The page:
|Treading Water||Treading Water||Charles E. Gilliland||2018-09-06T05:00:00Z||tierra-grande||Water|
Since taking effect in 2015, the controversial Waters of the United States rule has hit a number of legal snags. The rule is currently blocked in some states, and a replacement rule has been submitted to the White House for review, a process that could take several months.
Few issues have ignited as much passion among property owners as the Waters of the United States rule (WOTUS) adopted by the Environmental Protection Agency (EPA) and Army Corps of Engineers (ACOE) in 2015. Considered by many landowners an unprecedented attempt to control land use, WOTUS represents the latest in a series of face-offs between landowners and agencies crafting rules to implement national environmental policies.
None of this is new. Between 1970 and 1973, responding to emerging environmental challenges, a spate of legislation stitched together a foundation for national environmental policies. The results of those efforts continue to shape land use decisions today.
First, the National Environmental Policy Act (NEPA) focused on land use decisions that involved expenditures of federal funds. It posited a policy obligating federal agencies to prepare environmental impact statements. The act also created the Council for Environmental Quality.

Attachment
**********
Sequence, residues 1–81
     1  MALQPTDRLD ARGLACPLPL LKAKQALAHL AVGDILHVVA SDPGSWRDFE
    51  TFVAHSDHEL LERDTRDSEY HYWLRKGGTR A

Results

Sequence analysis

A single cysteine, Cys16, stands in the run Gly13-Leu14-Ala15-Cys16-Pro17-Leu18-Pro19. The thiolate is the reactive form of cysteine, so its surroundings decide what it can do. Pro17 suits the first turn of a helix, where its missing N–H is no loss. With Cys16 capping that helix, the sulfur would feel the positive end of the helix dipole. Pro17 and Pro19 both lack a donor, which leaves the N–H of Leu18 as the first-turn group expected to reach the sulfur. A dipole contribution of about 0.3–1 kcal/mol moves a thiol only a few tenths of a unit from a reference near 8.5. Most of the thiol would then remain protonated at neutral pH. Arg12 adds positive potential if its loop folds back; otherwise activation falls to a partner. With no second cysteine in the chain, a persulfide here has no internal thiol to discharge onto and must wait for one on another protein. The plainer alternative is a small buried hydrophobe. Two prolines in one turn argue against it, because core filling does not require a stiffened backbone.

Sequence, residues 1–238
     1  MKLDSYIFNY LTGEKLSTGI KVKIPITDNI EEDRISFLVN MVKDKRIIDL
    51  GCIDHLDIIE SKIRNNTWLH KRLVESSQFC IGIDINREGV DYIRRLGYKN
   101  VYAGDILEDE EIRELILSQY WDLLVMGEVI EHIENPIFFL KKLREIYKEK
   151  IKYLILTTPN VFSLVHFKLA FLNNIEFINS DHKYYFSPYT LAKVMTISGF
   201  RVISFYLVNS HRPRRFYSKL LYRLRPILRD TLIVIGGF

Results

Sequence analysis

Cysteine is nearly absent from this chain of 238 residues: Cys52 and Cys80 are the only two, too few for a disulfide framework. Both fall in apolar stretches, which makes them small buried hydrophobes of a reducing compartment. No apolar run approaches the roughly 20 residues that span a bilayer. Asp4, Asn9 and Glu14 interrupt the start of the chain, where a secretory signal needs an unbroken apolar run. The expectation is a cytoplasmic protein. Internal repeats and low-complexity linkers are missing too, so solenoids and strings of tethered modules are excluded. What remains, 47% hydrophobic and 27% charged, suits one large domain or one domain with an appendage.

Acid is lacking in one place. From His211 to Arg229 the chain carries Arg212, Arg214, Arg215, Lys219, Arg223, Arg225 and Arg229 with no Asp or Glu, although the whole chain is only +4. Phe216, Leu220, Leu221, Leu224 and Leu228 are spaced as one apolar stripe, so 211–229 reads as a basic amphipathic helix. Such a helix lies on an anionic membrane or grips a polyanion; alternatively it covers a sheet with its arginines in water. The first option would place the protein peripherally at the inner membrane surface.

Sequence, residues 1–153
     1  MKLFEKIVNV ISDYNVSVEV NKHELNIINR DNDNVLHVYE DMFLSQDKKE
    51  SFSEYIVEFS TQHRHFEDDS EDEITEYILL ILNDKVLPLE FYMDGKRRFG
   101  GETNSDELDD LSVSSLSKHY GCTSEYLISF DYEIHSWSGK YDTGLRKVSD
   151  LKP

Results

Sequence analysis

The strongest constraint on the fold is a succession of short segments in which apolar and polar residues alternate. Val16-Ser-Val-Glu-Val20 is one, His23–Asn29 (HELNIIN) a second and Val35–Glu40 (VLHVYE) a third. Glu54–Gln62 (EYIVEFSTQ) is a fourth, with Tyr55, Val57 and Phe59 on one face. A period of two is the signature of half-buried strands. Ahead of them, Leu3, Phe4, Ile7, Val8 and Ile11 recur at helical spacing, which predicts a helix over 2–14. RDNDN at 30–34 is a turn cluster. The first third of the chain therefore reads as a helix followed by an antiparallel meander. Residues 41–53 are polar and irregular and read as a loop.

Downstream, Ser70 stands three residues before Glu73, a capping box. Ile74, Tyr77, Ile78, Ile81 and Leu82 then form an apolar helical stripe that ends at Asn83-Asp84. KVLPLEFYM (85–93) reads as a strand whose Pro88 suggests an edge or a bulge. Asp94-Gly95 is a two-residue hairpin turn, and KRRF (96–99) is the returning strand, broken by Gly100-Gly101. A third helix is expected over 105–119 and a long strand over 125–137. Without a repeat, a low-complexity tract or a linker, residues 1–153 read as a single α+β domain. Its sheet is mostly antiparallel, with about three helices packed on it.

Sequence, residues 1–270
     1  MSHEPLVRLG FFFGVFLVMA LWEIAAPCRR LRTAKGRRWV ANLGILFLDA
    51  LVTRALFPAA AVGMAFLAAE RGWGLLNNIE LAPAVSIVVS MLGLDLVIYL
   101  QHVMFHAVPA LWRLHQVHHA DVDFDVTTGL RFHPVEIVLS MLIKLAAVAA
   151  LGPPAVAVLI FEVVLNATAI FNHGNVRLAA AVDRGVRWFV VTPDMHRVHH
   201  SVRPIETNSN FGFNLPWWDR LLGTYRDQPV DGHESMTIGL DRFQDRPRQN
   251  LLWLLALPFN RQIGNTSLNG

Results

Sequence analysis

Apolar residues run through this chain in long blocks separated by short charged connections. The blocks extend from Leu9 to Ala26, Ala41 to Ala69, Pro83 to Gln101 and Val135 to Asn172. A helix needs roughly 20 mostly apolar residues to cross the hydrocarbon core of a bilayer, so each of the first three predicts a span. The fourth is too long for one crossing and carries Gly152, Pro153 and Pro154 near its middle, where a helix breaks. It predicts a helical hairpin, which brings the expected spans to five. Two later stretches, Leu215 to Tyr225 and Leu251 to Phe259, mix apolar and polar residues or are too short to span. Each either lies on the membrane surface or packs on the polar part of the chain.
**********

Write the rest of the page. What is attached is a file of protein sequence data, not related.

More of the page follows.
Then, in quick succession, came the Clean Air Act (CAA) in 1970, Clean Water Act (CWA) in 1972, and Endangered Species Act (ESA) in 1973. Along with these measures, Senator Henry Jackson of Washington proposed an ambitious National Land Use Policy Act (NLUPA) to support and coordinate land use planning across the country. NLUPA included provisions for an agency charged to work with states to establish land use plans. Presumably, the agency would have worked to coordinate environmental policy by encouraging states to establish plans in line with objectives of the various environmental policy acts. However, seen as “national land use planning," NLUPA met furious opposition and never passed. Thus, the CAA, CWA, and ESA became the platform for addressing environmental issues without the NLUPA. Many landowners celebrated the demise of NLUPA.
Response to Regulations
Through the intervening decades, the broadly supported acts that did pass have sparked confrontations with property owners as their private land management plans ran afoul of rules and regulations designed to implement the legislation.